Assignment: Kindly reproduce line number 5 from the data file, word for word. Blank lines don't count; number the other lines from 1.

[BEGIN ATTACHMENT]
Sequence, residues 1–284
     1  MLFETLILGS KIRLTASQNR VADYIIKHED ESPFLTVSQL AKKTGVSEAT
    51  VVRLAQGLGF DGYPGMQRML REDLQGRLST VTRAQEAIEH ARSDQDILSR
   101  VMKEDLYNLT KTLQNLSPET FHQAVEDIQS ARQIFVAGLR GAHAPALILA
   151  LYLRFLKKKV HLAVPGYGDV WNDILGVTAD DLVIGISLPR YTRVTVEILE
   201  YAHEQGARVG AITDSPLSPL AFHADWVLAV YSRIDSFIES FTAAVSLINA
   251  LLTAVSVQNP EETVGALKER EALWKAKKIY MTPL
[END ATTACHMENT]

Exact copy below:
   151  LYLRFLKKKV HLAVPGYGDV WNDILGVTAD DLVIGISLPR YTRVTVEILE